Those and other programs helped make Eurocopter the dominant helicopter maker in the world.

Comanche

The U.S. Army’s February 2004 cancellation of this 20-year-old program reinvigorated a U.S. rotorcraft industrial base bogged down by relics of Cold War weapons acquisitions that had sapped design strengths and production capacity. Army leaders vowed (with White House backing, they said) to plow Comanche’s $14 billion back into a slew of programs to modernize Army aviation assets, and they appear to have held true to that.

Rising from Comanche’s ashes are the now-close-to-$10 billion program to acquire 512 ARH-70A armed reconnaissance helicopters from a Bell-led team and a $2 billion program to buy 352 UH-72A light utility helicopters from an EADS North America-led team that includes Eurocopter (providing its EC145) and Sikorsky.

But those funds also have underwritten upgrades to Boeing’s CH-47 Chinook and AH-64 Apache as well as the Army’s fixed-wing fleet. They also have funded new Army unmanned aerial systems.

Highlights of Major Operator Milestones Since 1967

1967: Era Helicopters of Alaska is bought by Rowan Companies of Houston, leading to expansion into the Gulf of Mexico, the Mideast, and Africa... Era operates the first Bell turbine-powered 206A JetRanger in Alaska... Petroleum Helicopters, Inc. (PHI) buys a Soviet-designed Mil 10 to support road-building in South America.

1968: New York Airways, the world’s first scheduled helicopter airline, carries its 3 millionth passenger... An HAA survey reveals the civil helicopter market includes 2,687 commercially certificated helicopters operated by 887 firms and that the market has doubled every four years for the last 12 years.

1969: Columbia Helicopters purchases three Boeing Vertol 107-2s from Pan Am and puts them to work in construction projects and oil exploration support on Alaska’s North Slope... Rotor & Wing’s first helicopter pilot report is on the Hughes 500.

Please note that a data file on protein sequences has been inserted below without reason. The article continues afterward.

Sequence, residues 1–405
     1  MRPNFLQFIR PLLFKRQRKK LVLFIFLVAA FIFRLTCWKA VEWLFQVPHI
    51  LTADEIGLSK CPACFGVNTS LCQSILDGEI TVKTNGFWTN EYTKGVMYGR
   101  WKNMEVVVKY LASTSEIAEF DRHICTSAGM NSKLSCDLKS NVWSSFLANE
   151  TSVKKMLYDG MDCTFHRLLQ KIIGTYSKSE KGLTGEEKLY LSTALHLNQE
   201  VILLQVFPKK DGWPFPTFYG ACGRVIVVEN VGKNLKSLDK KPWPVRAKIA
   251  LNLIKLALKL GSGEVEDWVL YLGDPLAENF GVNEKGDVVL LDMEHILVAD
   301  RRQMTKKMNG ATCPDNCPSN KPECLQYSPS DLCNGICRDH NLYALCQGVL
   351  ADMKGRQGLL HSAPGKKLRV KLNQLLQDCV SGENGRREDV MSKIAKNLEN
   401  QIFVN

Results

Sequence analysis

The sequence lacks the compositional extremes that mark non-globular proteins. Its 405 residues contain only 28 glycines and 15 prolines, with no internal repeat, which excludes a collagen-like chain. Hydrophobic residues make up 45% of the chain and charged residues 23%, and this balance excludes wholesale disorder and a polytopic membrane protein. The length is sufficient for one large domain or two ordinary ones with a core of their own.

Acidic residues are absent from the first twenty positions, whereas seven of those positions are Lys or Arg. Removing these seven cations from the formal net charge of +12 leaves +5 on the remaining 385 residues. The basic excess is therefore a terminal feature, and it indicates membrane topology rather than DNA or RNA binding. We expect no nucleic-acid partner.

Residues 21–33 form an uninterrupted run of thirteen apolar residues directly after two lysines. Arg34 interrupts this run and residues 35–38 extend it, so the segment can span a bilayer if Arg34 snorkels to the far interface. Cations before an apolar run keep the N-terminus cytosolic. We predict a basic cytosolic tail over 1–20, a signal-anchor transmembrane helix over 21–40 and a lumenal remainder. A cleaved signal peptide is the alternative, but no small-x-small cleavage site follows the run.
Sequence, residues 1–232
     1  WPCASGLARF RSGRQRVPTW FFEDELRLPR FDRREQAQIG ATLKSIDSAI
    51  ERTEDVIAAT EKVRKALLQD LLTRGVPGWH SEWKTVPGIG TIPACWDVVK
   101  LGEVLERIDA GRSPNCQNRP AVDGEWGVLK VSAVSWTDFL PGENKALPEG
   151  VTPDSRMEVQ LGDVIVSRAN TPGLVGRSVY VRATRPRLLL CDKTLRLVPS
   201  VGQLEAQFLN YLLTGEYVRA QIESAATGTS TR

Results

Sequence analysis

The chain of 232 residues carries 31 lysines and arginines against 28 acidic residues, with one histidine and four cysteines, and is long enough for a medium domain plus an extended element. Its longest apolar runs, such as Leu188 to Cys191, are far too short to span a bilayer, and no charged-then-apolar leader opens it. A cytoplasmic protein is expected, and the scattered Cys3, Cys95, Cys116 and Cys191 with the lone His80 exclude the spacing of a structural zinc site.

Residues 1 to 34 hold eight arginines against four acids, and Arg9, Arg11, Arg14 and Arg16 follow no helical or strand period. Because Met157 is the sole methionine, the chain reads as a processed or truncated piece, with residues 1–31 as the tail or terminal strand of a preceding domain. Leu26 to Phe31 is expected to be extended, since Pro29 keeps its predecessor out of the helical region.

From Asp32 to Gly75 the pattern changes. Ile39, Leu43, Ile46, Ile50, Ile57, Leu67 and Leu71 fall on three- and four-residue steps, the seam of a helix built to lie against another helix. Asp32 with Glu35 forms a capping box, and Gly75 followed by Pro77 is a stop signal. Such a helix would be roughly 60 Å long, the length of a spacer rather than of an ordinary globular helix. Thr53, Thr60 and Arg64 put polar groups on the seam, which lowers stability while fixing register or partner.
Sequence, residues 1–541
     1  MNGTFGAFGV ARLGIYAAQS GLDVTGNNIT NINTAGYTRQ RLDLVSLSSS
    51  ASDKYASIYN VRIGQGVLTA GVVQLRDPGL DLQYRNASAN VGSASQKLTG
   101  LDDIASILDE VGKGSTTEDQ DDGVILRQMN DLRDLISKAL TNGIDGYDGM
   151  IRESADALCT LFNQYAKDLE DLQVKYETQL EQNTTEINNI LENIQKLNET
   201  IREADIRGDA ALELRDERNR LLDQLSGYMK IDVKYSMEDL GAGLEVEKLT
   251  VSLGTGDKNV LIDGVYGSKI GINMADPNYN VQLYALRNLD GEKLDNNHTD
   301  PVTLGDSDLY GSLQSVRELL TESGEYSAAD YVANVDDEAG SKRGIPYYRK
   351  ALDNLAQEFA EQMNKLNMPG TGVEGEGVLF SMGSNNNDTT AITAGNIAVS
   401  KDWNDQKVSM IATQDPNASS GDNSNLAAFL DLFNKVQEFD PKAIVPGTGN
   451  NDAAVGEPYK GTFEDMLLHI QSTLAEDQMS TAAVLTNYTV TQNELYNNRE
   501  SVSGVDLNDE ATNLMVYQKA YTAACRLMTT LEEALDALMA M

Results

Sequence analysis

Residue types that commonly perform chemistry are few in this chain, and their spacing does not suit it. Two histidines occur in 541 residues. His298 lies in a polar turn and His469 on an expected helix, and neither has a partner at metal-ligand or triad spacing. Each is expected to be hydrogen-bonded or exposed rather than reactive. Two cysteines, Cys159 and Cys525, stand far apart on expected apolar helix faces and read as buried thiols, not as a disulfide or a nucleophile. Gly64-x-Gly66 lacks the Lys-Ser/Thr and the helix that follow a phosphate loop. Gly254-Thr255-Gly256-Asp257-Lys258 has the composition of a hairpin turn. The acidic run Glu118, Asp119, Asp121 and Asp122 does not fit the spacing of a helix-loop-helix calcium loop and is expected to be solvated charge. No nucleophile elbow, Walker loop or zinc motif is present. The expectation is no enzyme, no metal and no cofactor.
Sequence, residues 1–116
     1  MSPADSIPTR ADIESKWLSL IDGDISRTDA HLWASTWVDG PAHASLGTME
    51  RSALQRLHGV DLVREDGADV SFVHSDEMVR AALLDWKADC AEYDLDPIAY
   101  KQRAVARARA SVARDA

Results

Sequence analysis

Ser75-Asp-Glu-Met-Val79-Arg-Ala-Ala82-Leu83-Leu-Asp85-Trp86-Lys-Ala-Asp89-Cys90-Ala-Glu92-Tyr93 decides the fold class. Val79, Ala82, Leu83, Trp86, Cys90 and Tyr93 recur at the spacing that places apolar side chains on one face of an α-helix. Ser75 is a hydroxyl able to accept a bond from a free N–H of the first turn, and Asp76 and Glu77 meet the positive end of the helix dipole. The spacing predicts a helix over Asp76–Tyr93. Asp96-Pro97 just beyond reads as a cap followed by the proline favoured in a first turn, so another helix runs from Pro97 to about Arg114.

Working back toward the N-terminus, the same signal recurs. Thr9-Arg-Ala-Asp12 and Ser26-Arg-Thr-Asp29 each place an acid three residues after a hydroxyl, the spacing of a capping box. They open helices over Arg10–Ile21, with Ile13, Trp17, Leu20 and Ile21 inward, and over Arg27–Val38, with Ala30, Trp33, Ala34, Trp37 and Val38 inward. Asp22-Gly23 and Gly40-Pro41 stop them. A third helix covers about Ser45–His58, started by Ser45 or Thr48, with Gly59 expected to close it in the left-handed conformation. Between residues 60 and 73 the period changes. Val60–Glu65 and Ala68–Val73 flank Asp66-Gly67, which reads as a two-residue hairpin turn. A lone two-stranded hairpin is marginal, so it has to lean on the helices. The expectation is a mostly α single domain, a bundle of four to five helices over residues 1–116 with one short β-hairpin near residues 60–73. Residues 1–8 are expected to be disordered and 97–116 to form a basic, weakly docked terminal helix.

1970: Maryland State Police perform the first civilian transport of a critically injured trauma patient by helicopter... Petroleum Helicopters, Inc. surpasses one million flight hours... The U.S. government eliminates subsidies for helicopter airlines...... "I don’t seen any future for the helicopter." — Secor Browne, chairman of the U.S. Civil Aeronautics Board.

1971: Erickson Air-Crane Co. is founded and becomes the first operator to harvest timber with the Sikorsky S-64 Air-Crane. In 1972, Columbia Helicopters begins heli-logging with the Boeing Vertol 107-II, followed shortly by Carson Helicopters. The effect of this low-impact method of timber harvesting had great environmental benefits... Six medical facilities and the city and county of Denver, Colo. join to launch Project Midtown Helicopter Ambulance Rescue Transportation (HART).

1972: PHI places an order for 30 Bell Jet Ranger 2s and three Bell 205As; at the time, was the largest single commercial helicopter order... Air Logistics is founded as a subsidiary of Offshore Logistics, Inc., to serve the offshore oil and gas industry... 11 helicopters rescue 380 people from a 28-story building on fire in Sao Paulo, Brazil.

1975: Island Helicopters in Garden City, N.Y. starts the first school for helicopter instrument ratings... An Aerospace Industries Assn. of America study finds that, in 1974, there were 487 hospital heliports compared to 34 in 1965.

1977: New York Airways begins passenger service from the rooftop heliport on Manhattan’s Pan Am Building to the area airports using Sikorsky S-61s... An Airborne Law Enforcement Assn. survey finds the greatest concentration of police helicopters is in the Los Angeles area.